Face of Knowledge

I look into the eyes of my lover. At nineteen I am shy. A Dutch child is a candle burning twice as bright, fair-haired and blushing skin. For the glow I paid a painful adolescence, blemishing my complexion, twisting my body’s frame into tallness and structure, finally a man. Kristine is a dark-haired beauty. We ask the same questions. We love the same books. Smarter, bolder, she made the first move, rubbing my leg beneath the desk. Our on first date, wrapped in each other’s bodies, I look deep and long into Kristine’s eyes. She looks back. I can brave the world.

A deep gaze in the eyes of a stranger is rare, troubling, and precious.

A few seconds of eye contact anyone will give. A smile, nice to meet you. We craft a mask. It is a remarkable device, engineered from decades of tears and betrayal, an interface to an uncertain world. The mask affords a minute to read the other. What do you want? What do you have? We risk long looks with strangers only from a distance. A fellow studies me in his boss chair. A store clerk greets me eagerly for a sale. A young woman smiles easily because I am fifty and gray like her sweet father.

If the eyes are the mirror of the soul is there a deeper body of knowledge? Beneath the skin is just another surface, fascia, a network of tissue, fibrous and pliant, connecting and separating muscles and organs. Beneath the surface fascia there is just more tissue, ligaments and tendons and joints, connecting the muscles and bones. Surface plied upon surface. Beauty is skin deep, they say; a mountain face is only another skin, another layer of rock, and it is sublime.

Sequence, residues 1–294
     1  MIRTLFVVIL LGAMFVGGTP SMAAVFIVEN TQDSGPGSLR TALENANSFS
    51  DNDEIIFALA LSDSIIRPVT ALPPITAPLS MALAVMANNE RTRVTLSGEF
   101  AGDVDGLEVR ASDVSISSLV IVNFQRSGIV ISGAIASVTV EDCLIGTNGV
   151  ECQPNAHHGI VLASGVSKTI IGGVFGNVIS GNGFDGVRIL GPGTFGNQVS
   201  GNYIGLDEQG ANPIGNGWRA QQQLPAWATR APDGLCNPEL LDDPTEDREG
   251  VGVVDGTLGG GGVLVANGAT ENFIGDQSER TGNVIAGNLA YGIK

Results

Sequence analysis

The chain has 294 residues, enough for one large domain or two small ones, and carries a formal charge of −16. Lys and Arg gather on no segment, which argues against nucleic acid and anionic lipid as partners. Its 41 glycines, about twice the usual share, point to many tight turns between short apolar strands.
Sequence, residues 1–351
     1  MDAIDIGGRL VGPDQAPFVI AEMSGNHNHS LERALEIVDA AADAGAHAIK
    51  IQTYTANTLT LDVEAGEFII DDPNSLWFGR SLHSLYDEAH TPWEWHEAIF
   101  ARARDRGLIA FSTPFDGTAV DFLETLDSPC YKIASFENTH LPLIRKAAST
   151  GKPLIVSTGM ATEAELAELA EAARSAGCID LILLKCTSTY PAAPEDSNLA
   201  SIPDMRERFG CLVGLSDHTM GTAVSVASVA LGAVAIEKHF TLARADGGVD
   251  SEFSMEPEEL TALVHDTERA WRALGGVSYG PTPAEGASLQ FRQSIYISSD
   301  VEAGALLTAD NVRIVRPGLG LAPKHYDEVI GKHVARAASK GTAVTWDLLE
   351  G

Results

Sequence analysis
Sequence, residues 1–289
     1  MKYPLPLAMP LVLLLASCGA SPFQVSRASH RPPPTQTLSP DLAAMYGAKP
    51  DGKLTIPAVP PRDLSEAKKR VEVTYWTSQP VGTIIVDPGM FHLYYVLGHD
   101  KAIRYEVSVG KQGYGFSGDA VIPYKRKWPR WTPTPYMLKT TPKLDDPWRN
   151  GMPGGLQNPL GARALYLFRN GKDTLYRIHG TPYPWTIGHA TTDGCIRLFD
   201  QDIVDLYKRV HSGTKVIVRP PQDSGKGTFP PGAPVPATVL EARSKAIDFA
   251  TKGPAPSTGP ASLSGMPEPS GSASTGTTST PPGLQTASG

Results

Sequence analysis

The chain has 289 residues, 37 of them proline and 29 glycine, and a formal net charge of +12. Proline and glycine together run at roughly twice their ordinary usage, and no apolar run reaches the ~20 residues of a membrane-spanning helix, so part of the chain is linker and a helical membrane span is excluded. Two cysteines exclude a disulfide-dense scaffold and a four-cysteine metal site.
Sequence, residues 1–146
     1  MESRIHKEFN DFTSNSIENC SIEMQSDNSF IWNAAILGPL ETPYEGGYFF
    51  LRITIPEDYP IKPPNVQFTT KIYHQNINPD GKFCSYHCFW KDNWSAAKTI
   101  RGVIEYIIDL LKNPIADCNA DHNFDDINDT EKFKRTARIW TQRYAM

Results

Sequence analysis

Look into the eyes of a dog, a monkey, or a dolphin. Soul does not insist on language. Machines have faces. Look into a digital eye. In aesthetics there is a term, uncanny valley. The more human a thing looks the more endearing it is. But when we see a replica that appears almost, but not exactly like a human, we shudder with revulsion. Worse, look into a mirror. In a minute you will see a stranger. You, old and deformed. A lion or a monster. Is there nothing special to be found? Are we all but animals or machines?

The face is in the light, nude to the world. I am like you; do not hurt me. Some can hold a poker face, others will flicker with doubt. It is the by the flicker that we know them. The eyes cannot hide a child’s laugh, a lover’s desire, or a widow’s grief. We know our lover by the face, the blemishes and pockets, the retreats and reveals from the mask, the rings beneath the eyes, the turns of light and shadow. The eyes are the soul, cradled in the face of knowledge.

2018-01-03. Face to face is eros, erotic. There is an other in those eyes, a mystery I do not understand. What is looking back at me? Another human? I am like you, do not hurt me. Or is it something else looking back, something vaster? Or is just me looking back? We are all connected, a common identity. Face to face, eye to eye is the first step in tantric massage. It is the test too for a potential AI, even a chatbot with no face: is there mystery? can I know it? A ping for humanity.